02 December 2008

The Case for a Logging Standard, Part 2

In my previous post, I stated several arguments for a standard file format for holding astronomical observations. The arguments fell into 3 categories: data preservation, flexible access to and presentation of the data. This time, I'll describe a candidate that solves many of these requirements that is available now. Better yet, it is open source and free.

A year or so ago I stumbled upon something that really solved the aforementioned requirements well - an open source XML based standard for recording observations called COMAST. The advantages of recording observations in an XML format are that the content of an observation can be defined clearly for any interested party (program) to produce or consume. XML also lends itself well to reformatting into different file structures or visual presentation. All of this presents in a platform independent context. If you are keeping tally, that's open source, free of charge, platform independent, flexible access and flexible presentation. Hmmm, cool.

The COMAST effort is led by a small number of developers from Germany and Belgium. Fortunately for me, there is English documentation (my German is pathetic.) If you would like to read about the COMAST XML Schema, you can visit the web site at http://observation.sourceforge.net/en/index.html Beware if you aren't an XML techie.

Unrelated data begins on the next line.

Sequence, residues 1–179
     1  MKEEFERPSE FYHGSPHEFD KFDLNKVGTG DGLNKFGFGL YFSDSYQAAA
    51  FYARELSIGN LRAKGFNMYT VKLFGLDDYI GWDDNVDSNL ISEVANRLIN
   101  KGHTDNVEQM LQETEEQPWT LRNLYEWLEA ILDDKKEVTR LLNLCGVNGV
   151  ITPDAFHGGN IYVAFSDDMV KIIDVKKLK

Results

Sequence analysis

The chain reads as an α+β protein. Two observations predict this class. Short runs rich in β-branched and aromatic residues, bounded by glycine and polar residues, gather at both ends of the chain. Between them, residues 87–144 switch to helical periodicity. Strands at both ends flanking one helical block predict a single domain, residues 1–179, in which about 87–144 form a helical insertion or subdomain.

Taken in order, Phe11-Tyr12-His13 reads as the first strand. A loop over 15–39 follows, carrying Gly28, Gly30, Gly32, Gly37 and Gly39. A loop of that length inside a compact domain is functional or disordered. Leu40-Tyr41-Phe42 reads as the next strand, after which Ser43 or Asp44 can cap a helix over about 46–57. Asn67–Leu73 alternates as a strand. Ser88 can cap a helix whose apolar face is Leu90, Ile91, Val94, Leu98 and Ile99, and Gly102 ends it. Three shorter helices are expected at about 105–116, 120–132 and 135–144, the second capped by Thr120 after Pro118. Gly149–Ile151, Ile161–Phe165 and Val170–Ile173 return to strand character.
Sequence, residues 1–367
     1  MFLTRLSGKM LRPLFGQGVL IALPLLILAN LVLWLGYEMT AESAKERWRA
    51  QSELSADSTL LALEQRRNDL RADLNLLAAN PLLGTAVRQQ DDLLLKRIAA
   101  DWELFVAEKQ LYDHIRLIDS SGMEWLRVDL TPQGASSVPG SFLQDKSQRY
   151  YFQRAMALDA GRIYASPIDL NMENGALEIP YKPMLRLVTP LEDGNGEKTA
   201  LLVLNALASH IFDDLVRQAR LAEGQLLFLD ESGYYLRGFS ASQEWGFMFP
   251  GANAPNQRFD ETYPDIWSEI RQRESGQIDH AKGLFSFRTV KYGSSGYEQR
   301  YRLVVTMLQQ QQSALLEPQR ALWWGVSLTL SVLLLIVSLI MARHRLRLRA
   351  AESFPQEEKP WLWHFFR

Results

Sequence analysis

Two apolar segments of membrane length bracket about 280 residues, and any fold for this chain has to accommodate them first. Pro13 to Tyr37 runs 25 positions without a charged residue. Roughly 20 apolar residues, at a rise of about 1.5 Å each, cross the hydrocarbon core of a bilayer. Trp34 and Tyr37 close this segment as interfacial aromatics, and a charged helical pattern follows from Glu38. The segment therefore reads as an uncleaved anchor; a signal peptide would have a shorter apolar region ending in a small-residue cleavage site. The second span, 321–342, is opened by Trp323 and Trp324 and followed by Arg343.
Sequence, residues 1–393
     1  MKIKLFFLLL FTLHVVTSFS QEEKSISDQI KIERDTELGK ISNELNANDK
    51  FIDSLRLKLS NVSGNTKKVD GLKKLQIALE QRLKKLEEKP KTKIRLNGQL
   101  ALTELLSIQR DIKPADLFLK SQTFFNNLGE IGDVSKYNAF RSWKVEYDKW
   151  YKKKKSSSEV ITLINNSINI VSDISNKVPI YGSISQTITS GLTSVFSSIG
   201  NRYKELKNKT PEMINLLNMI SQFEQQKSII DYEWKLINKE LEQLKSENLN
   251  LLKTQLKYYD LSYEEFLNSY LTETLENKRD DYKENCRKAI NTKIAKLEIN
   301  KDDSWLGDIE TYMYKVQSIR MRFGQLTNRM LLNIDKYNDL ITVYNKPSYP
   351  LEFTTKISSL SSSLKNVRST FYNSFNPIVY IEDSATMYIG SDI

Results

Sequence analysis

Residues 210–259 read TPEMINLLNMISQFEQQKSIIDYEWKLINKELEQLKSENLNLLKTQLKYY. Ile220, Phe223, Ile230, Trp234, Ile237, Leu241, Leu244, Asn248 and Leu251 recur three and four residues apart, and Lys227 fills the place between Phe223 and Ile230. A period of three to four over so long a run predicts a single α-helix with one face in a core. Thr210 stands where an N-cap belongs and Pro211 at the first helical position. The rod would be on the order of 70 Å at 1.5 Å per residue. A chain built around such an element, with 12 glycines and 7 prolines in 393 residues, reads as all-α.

After studying COMAST for some time, I decided that it described observations well enough and generally enough to be a very good candidate solution to my perceived requirements. I decided to put it to the acid test - try to import and export observations from Deep-Sky Planner using the COMAST format. After some discussion with the founding designers of COMAST, I have succeeded in transferring COMAST formatted data into and out of Deep-Sky Planner. There are idiosyncracies, but it works. Double cool.

COMAST does a thorough job of describing your observing site, equipment, time of observation and visual results. It can currently accommodate imaging equipment and results, but not as thoroughly as I would like. Deep-Sky Planner continues to provide storage and reporting of imaging observations. I suspect that the COMAST standard will catch up and I hope to take part in that effort.

COMAST does include some data that is more relevant to German observers, like one's Deep-Sky Liste (DSL) ID number and a DSL object rating code. I'm sure that observers elsewhere have familiar rating systems, association IDs and the like. These items reveal the roots of the COMAST project but they aren't required. They probably should migrate into an extension for German observers from the basic standard, but for now they can be ignored if desired. The nice thing about the COMAST design is that it makes extensions possible with predictable results. For example, should there be an extension developed that describes imaging observations, older software could accept and produce legal files with no changes - it would simply not support imaging extensions.

So what can COMAST do for you? At present, it can provide you with a observation data migration path between a couple of software products. Should that number increase, we may just have ourselves a viable world standard for sharing and preserving observations. Very cool indeed.